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GIFU Ware is a curated collection of tableware that has been made in Japan by established ceramicists. Mino Ware, one of the six traditional Japanese ceramics, is the most famous type of Japanese pottery and is produced in the Gifu prefecture.

Gifu is located in central Japan and known to the rest of the world for its unique geography and natural resources, which makes the City ideal for ceramic and porcelain manufacturers.

Our collection of Japanese styles include handmade glassware and tableware in both traditional and contemporary styles designed for everyday.

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Frequently Asked Questions

What is Mino Ware, or Mino Yaki?

Mino ware and Mino-yaki are the same term. Mino Ware translates to Mino Yaki (美濃焼) in Japanese.

Mino Ware is a type of Japanese pottery that originated in the Mino region of Japan, which is the Gifu Prefecture. The cities of Tajimi and Toki in particular are renowned for their contributions to Gifu Ware.

Mino ware is one of the oldest and most diverse pottery traditions in Japan, with a history dating back over 1,300 years.
It's characterised by its simplicity in design and use of natural materials. The clay used to make Mino ware is typically reddish-brown or grey in colour, and has a high iron content that gives it a distinctive texture and durability.

Mino ware includes a wide variety of styles, including Oribe ware, Shino ware, Seto ware, and Ki-Seto ware. These styles are known for their unique glazes, designs, and techniques.

Oribe Ware is known for being bold and colourful. It often features geometric motifs like traditional shapes, animals, and plants. Shino Ware is known for its milky white glaze and irregular patterns, which are created by the interaction of the glaze with the iron in the clay. Seto Ware and Ki-Seto ware are characterised by their smooth, glossy surfaces and distinct colours.

Mino ware is highly valued and sought after in Japan and around the world for its unmatched craftsmanship, and the history it holds.

Is Gifu Ware microwave and dishwasher safe?

Gifu Ware is used in many established restaurants around the world and most styles can withstand demanding environments.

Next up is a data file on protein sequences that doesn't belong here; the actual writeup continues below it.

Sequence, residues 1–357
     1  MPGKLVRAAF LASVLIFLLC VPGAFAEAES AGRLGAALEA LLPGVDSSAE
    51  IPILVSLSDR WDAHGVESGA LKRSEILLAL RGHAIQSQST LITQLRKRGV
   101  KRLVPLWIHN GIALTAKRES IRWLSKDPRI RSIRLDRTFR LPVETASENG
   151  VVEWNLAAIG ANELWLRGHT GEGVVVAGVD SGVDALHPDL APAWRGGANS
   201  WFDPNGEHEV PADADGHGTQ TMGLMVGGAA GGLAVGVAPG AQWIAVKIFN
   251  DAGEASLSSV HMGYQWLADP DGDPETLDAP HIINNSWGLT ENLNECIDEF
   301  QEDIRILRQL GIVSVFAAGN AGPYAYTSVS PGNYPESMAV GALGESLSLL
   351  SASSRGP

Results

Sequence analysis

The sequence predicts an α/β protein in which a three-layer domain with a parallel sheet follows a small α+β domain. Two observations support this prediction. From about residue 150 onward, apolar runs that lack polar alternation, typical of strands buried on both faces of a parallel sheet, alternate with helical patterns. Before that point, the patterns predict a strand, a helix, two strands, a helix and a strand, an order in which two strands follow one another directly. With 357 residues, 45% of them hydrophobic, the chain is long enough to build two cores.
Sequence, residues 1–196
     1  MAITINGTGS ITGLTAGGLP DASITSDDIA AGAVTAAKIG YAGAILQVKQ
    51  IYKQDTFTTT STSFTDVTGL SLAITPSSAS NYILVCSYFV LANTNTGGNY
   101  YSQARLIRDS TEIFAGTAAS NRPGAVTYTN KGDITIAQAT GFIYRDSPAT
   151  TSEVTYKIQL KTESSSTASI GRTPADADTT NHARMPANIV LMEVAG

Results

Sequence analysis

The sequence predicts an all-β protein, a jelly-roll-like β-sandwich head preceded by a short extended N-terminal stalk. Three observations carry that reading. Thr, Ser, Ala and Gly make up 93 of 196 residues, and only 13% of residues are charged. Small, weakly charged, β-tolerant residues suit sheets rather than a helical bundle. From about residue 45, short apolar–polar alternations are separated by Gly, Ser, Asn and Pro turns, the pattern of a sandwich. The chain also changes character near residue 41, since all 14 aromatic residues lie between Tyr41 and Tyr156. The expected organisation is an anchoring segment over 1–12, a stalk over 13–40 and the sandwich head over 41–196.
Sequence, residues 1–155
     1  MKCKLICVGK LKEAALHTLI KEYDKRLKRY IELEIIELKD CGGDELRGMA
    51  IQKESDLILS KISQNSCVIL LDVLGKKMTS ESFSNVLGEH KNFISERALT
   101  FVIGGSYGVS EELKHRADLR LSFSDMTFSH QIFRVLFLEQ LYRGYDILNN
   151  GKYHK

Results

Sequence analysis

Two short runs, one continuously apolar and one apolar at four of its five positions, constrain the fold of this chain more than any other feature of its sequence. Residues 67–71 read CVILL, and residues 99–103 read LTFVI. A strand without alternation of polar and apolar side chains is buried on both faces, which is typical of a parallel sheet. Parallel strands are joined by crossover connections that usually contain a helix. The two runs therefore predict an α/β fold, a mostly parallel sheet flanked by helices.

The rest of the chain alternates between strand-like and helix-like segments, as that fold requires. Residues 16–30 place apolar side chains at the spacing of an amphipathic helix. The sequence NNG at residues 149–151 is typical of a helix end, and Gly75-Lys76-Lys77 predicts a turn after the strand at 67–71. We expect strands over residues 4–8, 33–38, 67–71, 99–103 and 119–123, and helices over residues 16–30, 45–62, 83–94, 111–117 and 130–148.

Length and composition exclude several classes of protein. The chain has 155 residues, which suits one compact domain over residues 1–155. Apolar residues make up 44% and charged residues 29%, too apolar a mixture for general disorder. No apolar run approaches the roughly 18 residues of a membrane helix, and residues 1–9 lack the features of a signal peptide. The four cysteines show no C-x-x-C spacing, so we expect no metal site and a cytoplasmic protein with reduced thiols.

Each product has this information in their individual descriptions.

Usually ceramics are dishwasher, microwave and oven safe however hand washing is always favoured. If you do choose to put them in the dishwasher, the top shelf is best as it's less of a temperature shock. If possible, turn down the heat too.

What are some traditional motifs commonly found in Japanese ceramics?

Japanese ceramics are often designed with traditional motifs, each carrying unique cultural and symbolic meanings. Here are a few;

Cherry Blossoms (Sakura): Cherry blossoms represent nature and life, often associated with the beauty and impermanence of things. They symbolise renewal and rejuvenation.

Cranes: Cranes are a symbol of longevity, good fortune, and fidelity. They are often depicted in pairs and are a gesture of happiness and harmony.

Waves: Waves represent the ocean, a significant part of Japan's geography. They symbolse change, the ebb and flow of life, and the passage of time.

Arabesque (Karakusa): Arabesque patterns are intricate, scrolling designs that symbolise creativity and harmony. They are often used for their decorative appeal.

Japanese Chrysanthemum (Kiku): The chrysanthemum is considered the national flower of Japan and holds special significance in Japanese culture. It is a symbol of longevity, rejuvenation, and the imperial family.

These motifs not only enhance the aesthetic appeal of Japanese ceramics but also convey deep cultural and symbolic meanings. They add layers of significance and storytelling to the artistry of ceramic pieces, making them more meaningful to both creators and collectors.

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